Because these tests are similar, PSAT prep is similar to SAT prep, and many of the same resources and books will be invaluable to both. Sign up for our free mailing list if you’d like help to prepare yourself to achieve high scores on both tests!
Slight differences in timing and difficulty aside, the PSAT feels just like the SAT and any practice and strategizing on one test as well as overall reading and vocabulary skills will certainly carry over to the other.
PSAT, Test Prep, and College Admissions:
Often, taking the PSAT as a junior is the starting point for many students in their college-planning process.
The PSAT and SAT are important for students who wish to attend a post-secondary institution and anyone who wants to win scholarships and cut costs of college.
Your PSAT score will help you gauge where you stand in terms of academic standing and competition with other students—something that will have a bearing on acceptance to the school of your choice.
PSAT prep will also give you the experience and study habits you will need again when you take the SAT, not to mention the familiarity with the testing process. Consider the PSAT a practice run for the big test, another tool you can use to help you achieve high SAT scores.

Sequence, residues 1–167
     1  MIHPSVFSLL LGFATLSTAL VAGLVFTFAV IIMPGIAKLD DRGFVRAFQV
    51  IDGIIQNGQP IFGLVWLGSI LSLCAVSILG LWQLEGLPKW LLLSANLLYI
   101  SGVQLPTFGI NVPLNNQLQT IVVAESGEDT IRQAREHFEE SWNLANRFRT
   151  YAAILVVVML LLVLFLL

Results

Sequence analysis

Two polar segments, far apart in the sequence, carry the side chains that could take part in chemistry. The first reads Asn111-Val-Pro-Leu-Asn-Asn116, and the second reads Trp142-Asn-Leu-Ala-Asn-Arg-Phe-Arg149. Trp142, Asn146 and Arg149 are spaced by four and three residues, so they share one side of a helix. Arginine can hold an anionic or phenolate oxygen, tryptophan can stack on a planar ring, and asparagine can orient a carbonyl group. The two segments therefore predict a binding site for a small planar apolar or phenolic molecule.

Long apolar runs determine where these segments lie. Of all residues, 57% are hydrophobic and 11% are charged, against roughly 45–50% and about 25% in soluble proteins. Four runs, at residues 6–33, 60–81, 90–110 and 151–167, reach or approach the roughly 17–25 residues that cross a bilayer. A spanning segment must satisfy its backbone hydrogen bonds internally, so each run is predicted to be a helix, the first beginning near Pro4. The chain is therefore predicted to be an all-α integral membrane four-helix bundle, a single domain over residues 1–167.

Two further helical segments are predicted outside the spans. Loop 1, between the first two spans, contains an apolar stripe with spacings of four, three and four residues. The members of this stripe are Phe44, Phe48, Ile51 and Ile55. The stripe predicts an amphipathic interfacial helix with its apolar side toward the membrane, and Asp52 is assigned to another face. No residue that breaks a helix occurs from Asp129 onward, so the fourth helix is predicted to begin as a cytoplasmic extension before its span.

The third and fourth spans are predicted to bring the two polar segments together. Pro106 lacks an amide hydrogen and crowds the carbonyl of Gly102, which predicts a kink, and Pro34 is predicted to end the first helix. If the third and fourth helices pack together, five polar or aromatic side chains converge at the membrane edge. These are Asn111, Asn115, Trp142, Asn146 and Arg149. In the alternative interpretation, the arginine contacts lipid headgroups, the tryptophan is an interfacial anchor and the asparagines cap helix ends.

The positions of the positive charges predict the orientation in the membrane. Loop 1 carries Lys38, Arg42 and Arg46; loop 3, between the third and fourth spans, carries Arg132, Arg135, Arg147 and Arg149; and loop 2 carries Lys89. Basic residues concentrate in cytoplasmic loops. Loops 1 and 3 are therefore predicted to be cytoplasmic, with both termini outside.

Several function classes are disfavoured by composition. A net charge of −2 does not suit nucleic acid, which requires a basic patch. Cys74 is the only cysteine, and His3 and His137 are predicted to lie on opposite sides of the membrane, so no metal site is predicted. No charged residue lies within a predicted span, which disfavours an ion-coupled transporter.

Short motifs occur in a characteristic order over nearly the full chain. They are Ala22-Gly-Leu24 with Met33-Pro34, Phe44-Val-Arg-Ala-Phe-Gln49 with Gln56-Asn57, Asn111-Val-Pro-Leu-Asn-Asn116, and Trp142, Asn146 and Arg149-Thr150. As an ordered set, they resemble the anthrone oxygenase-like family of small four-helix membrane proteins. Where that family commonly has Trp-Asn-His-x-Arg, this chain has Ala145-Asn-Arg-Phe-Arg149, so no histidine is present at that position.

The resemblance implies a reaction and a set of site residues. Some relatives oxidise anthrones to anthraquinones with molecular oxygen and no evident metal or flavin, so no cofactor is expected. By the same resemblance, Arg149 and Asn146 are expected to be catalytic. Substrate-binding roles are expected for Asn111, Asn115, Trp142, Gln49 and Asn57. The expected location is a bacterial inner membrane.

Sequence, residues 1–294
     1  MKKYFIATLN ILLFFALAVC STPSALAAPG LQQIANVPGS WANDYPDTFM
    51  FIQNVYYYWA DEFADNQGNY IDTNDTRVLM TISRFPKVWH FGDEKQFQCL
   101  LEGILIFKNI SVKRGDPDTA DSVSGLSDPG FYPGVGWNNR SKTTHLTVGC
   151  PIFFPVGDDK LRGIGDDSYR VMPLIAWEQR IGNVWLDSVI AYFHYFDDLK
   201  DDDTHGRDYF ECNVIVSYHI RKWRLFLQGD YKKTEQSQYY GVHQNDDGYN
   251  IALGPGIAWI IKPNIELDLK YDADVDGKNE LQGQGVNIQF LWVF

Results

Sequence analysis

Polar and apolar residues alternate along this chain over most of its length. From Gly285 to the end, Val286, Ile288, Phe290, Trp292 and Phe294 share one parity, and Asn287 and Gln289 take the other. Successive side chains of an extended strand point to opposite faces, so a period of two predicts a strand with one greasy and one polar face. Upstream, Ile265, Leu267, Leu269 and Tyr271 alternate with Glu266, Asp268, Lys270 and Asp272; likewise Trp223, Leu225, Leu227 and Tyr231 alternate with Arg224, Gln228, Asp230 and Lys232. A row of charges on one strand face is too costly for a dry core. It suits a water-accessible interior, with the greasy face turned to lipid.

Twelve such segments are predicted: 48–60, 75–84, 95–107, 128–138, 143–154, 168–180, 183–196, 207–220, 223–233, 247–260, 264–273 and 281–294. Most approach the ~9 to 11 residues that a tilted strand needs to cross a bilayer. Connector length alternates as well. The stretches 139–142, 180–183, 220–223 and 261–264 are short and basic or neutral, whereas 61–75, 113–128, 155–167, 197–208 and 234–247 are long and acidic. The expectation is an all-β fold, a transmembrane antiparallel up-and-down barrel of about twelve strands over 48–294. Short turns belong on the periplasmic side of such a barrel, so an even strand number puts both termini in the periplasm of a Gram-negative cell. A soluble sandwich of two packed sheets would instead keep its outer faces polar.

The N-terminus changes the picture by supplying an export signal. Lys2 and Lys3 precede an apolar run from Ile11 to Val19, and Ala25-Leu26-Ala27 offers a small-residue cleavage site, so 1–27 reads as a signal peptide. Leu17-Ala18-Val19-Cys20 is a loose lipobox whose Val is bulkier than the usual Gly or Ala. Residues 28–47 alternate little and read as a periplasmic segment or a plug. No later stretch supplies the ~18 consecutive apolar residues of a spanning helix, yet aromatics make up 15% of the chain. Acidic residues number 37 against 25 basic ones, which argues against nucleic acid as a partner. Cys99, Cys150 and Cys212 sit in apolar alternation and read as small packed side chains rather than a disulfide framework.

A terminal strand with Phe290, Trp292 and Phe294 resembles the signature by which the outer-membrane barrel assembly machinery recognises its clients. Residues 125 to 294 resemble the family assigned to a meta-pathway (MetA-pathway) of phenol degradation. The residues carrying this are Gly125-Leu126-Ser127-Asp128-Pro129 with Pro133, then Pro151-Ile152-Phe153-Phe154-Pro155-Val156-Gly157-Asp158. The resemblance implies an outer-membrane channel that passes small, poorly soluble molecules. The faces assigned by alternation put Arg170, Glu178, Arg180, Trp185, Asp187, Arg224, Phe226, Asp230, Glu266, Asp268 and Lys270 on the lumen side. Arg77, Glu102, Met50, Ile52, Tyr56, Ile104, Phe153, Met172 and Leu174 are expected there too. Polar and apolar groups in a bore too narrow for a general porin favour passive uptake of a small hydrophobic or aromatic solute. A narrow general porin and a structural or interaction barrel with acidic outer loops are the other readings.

By taking the PSAT you also qualify for the National Merit Scholarship (if you score in the 95th to 99th percentile).
This is only available to juniors so be sure you coordinate the PSAT to coincide with your junior status. You’ll need to coordinate your PSAT study time to ensure you are ready when the test is given (in October every year).
The PSAT test takes 2 hours and 10 minutes, and does not include an essay or high-level math (algebra II).
Unfortunately colleges are not particularly concerned with your PSAT scores; however being recognized as a National Merit Scholar is a potential bonus during the admissions process and could lead to more scholarship money or financial aid.
What’s on the PSAT?
On the PSAT test you will find:
- Two 25-minute reading sections containing multiple reading passages
- 35 critical reading questions over comprehension, style, tone, and possible conclusions
- 13 sentence completions that test your pre-college vocabulary
- Two 25-minute math sections on algebra, geometry, and reasoning
- 10 fill-in-the-blanks math questions
- 28 math multiple choice questions
- One 30-minute writing skills section